I didn't know that dogs in pet stores came from puppy mills, and were trucked in from Missouri, or Kansas, or wherever else they found them. I didn't know just how much health testing was available, and for each breed. I didn't know the things that plagued different breeds.
You know what? Puppy Mill Awareness Day was on September 22. I don't think I saw anything about it. I posted about it two years ago, but not this year. I'm not a total expert. I'm inexperienced and still trying to do right here, and give out good advice. I can't reach everybody, and not everybody wants to hear this. One of my college friends is on Facebook, and when his little Dachshund is in heat, will post asking about intact males around. When I asked him about health testing, or if she's titled, I got ignored under the deluge of people squealing about the possibility of cute puppies. I still ask, though. If one person sees that, and thinks twice, that's a step in the right direction.
Puppies are cute. The cutest. Having a litter of puppies can be very, very expensive. And time consuming. Worst case, your female could die, could get mastitis. Any number of "what-if's", I know. But does that entire litter of puppies have guaranteed homes? What kind of homes are they? Do those people want to breed their puppies? And so on, and so on.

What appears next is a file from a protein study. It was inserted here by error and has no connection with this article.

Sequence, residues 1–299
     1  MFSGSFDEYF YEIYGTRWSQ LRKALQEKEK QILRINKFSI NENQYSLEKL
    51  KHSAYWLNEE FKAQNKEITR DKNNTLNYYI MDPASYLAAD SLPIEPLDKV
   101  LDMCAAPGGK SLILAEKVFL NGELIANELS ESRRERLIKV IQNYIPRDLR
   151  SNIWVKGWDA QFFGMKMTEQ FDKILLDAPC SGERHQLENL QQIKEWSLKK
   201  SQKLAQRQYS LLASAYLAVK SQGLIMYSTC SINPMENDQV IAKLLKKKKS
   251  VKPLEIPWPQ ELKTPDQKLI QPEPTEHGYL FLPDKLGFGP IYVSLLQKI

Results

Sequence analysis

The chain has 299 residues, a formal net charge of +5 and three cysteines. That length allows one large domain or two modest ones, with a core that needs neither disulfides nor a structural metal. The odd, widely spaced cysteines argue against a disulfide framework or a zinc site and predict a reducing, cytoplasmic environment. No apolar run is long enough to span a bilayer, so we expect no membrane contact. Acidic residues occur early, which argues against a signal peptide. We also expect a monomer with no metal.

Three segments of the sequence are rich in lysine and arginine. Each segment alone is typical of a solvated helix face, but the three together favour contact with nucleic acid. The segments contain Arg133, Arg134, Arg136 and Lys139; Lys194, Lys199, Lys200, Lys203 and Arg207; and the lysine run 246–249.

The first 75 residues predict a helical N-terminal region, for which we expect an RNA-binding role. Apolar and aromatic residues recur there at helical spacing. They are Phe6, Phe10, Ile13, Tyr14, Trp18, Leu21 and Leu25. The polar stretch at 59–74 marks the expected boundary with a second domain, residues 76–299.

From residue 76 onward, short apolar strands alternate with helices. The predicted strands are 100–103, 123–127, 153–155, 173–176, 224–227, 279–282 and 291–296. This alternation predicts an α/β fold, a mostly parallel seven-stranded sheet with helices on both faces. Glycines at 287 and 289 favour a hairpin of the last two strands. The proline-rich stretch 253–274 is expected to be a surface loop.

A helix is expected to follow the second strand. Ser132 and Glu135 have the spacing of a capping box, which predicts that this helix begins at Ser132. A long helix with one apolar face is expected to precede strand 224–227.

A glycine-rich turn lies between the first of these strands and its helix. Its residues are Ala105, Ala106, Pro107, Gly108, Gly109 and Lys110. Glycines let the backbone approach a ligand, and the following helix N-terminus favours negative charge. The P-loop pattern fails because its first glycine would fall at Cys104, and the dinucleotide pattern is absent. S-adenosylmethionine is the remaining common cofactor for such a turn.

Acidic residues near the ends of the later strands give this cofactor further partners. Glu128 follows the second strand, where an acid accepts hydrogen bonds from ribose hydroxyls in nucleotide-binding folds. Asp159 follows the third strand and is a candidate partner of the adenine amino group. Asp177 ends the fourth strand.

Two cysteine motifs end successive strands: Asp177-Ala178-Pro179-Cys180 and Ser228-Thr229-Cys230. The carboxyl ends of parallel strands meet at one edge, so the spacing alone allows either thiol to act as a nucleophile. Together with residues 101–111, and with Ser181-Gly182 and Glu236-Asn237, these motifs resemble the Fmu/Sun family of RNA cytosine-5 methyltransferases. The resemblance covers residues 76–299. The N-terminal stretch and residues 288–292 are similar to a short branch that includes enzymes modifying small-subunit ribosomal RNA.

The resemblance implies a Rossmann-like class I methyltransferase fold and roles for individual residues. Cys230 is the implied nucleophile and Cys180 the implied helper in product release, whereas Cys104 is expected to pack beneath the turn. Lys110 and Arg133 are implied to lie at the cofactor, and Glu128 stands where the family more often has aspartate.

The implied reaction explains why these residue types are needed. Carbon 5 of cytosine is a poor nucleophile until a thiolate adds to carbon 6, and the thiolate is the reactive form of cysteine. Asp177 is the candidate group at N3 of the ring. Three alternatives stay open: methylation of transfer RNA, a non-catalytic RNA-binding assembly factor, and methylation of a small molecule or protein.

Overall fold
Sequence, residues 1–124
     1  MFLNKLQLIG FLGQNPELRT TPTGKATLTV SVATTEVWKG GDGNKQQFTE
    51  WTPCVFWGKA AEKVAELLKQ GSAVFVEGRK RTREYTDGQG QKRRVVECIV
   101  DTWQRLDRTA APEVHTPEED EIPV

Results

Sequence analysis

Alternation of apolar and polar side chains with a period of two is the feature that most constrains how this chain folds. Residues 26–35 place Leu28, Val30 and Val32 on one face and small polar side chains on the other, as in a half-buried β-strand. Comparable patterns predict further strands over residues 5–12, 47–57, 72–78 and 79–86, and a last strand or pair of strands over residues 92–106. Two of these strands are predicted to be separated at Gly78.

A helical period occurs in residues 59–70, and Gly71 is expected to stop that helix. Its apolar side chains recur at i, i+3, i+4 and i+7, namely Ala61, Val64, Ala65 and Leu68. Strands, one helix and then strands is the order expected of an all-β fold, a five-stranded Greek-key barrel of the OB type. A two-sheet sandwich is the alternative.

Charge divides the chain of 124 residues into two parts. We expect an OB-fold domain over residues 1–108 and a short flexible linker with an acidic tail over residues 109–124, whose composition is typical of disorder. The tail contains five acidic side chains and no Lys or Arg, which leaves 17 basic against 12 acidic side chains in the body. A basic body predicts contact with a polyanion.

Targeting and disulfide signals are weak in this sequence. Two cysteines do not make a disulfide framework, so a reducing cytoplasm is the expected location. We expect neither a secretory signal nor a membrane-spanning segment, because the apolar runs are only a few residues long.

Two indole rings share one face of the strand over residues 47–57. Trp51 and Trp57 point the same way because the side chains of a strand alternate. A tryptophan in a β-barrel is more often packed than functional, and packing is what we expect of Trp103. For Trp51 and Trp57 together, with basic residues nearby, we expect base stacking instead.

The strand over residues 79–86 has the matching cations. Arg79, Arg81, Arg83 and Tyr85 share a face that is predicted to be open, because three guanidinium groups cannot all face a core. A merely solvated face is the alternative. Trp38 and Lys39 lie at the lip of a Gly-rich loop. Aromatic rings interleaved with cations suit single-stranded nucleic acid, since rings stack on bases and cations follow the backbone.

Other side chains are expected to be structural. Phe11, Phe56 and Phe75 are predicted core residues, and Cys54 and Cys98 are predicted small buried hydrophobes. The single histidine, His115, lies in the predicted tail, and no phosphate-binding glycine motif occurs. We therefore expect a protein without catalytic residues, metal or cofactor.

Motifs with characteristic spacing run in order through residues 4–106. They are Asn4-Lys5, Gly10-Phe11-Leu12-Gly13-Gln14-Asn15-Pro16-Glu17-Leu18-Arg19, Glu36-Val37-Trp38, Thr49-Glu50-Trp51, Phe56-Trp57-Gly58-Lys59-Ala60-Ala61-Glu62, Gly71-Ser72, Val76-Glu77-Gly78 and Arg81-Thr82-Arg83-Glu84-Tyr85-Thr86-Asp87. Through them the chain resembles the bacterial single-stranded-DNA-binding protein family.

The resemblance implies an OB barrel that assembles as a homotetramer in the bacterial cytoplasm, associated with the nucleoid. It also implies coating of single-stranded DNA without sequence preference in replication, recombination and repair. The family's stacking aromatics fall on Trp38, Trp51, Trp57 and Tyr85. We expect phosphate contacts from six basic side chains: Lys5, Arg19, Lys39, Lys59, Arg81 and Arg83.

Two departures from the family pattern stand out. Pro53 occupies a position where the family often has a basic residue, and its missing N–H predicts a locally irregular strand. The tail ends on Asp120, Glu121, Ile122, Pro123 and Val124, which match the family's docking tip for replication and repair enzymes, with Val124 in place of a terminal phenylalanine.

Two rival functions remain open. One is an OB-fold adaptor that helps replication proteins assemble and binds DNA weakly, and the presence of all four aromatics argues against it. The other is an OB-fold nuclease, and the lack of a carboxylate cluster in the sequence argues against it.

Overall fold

I wish somebody had told me, but they didn't. We wouldn't need things like the Tuesday tails blog hop if every breeder was responsible, and if every owner was educated and ready for the dog that was going to come into their care. Life happens sometimes, that is true, and not every home can be a forever home. Even up here on my soap box, I can't be that judgmental. Sometimes you can't keep a dog you thought you would have forever. Sometimes that dog needs somebody else.
I understand that not everybody is going to go totally dog crazy the way I did. They're not going to have a degree in psychology, they're not going to read every book they can get their hands on about dogs, and dog training, and dog behavior (and I can't claim to have read every book, but my fiancè occasionally remarks that he didn't even know there were that many dog books, when I've come home with another.)
Dogs are "just dogs", right? But they're also our responsibility. They don't have a choice, not any kind of choice. We do. We have the choice to educate ourselves, and to do the best we can for the animals in our care. I'm still learning about dogs, and Dobermans, and the more I learn, the more I want to share, whether people want to hear it or not. I don't know how many minds I've changed, if any, but I still try. I link to shelters, I link to rescues. I link to breed information and breed health, if somebody I know wants a dog. I try to find out what to look for in a good breeder. I try to get the person to consider whether the dog they'd like is the best fit for their lifestyle. Cute and beautiful though they may be, dogs are not decorations. They frequently have their own idea of what they want to be doing in the course of a day, and what they need. These are important things to consider. These are not things that everybody considers.
I wish I knew. Now I did. I hope that by talking about this, perhaps too often perhaps not often enough, I help somebody else, and help other dogs.